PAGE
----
James Franco's art exhibit makes us all feel bad about ourselves
James Franco makes me feel like the laziest person on Earth. He’s a Golden Globe winning actor, a published author, and a graduate student at not one but two premier universities. Just when I thought he wasn’t busy enough, he goes and debuts his own art exhibit. (And here I am patting myself on the back for making it through the entire series of Lost.)
Franco’s The Dangerous Book Four Boys opened at New York’s Clocktower Gallery earlier this week. In his first solo show, the actor-filmmaker-writer sought to explore traditional aspects of masculinity, sexuality, and celebrity through mixed media including film, photography, drawings, and sculpture. As a fan, the idea of a James Franco tackling the art world intrigued me (what will he do next?), and I was curious to see just what goes on in that pretty little head of his.
The result? A slightly overwhelming combination of sights and sounds, with short films featuring Franco (looking very dapper, which is enough of a draw for many) and the artist Carter. The exhibit is spread over two rooms, one of which features a collection of artifacts from a boyhood bedroom, representing the transition from youth to adulthood and the material possessions we accumulate along the way.
But enough of me pretending to be an art critic — let’s get to the weird stuff. There was plenty of strangeness to take in, which is to be expected coming from the man who calls his work on General Hospital “performance art.” One short film contains a chapter devoted to mustaches, motorcycles, and mannequins, while another combines ghost costumes, flaming arrows, and a mechanical bull. I may not have understood everything he was going for, but the exhibit gave me more insight on James Franco the person (although the jury is still out on whether or not he has a body pillow girlfriend).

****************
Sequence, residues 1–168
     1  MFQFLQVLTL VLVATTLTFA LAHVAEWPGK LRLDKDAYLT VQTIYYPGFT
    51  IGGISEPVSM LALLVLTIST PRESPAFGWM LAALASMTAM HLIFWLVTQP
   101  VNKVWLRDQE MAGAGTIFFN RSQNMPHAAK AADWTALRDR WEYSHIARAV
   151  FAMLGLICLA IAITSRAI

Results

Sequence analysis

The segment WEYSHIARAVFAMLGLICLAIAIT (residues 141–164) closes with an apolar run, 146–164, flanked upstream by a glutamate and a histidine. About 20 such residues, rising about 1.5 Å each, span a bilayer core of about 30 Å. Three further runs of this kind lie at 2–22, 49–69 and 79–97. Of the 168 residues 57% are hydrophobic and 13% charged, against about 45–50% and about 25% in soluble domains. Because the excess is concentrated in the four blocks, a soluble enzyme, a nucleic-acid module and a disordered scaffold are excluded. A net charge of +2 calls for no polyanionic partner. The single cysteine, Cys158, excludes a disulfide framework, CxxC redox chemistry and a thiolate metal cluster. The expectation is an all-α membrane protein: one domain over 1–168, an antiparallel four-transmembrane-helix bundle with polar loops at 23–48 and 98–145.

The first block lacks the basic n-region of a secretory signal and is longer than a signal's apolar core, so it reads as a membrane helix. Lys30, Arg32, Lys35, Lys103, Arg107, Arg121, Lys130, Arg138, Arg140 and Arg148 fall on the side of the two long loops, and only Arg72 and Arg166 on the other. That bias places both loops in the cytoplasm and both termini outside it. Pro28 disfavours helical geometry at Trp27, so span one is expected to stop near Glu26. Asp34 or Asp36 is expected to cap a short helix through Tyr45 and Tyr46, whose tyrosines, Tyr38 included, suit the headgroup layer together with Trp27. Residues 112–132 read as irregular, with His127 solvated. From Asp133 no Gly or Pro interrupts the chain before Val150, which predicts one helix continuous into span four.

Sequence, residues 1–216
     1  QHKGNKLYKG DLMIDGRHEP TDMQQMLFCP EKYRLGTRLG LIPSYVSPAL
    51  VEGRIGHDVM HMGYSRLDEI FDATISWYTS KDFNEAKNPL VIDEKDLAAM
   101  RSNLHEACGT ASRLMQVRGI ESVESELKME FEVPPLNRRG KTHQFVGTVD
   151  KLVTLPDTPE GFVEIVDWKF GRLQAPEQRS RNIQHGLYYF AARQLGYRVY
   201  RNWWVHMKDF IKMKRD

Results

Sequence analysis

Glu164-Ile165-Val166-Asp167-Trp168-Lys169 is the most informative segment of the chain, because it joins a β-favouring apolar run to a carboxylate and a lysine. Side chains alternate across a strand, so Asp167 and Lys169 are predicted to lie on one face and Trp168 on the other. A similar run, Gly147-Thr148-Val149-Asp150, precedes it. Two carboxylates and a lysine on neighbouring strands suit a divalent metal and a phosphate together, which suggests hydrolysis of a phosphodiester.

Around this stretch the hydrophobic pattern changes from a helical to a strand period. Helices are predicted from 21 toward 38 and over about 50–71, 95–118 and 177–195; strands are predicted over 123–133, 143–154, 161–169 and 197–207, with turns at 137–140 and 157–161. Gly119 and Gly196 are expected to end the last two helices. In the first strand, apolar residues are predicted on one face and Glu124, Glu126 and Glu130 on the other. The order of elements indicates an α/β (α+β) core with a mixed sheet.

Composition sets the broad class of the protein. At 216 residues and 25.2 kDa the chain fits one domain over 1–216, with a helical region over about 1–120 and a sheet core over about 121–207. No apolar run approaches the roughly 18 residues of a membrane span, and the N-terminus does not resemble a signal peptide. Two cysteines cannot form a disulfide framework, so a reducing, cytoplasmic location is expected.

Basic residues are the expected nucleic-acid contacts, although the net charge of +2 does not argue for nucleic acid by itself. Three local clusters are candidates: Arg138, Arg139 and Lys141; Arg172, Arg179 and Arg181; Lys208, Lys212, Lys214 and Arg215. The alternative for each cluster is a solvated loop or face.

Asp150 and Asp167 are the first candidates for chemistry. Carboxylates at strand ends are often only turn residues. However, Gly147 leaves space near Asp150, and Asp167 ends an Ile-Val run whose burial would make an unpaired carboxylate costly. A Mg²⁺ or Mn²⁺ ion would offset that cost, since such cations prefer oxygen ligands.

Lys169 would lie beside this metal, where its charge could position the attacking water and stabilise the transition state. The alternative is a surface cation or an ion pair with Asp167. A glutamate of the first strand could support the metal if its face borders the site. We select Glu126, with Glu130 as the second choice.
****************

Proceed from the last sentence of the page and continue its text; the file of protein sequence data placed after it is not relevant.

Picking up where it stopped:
No matter your stance on art — or Franco — there is something to be said for actors turning away from what could be otherwise typical Hollywood careers to do things they’re passionate about. And sure, being James Franco probably helped him secure his own show, just as it will help bring some buzz to the exhibit and the Clocktower Gallery (part of the non-profit foundation Art International Radio, founded in 2009). But overall, The Dangerous Book Four Boys grabs your attention, and at the very least displays the mind and creativity of an obviously talented individual.
The Dangerous Book Four Boys is on view at the Clocktower Gallery and is open to the public Tuesday – Friday from 12 – 5pm through September.
What do you think about James Franco “the artist,” PopWatchers? What’s next for him?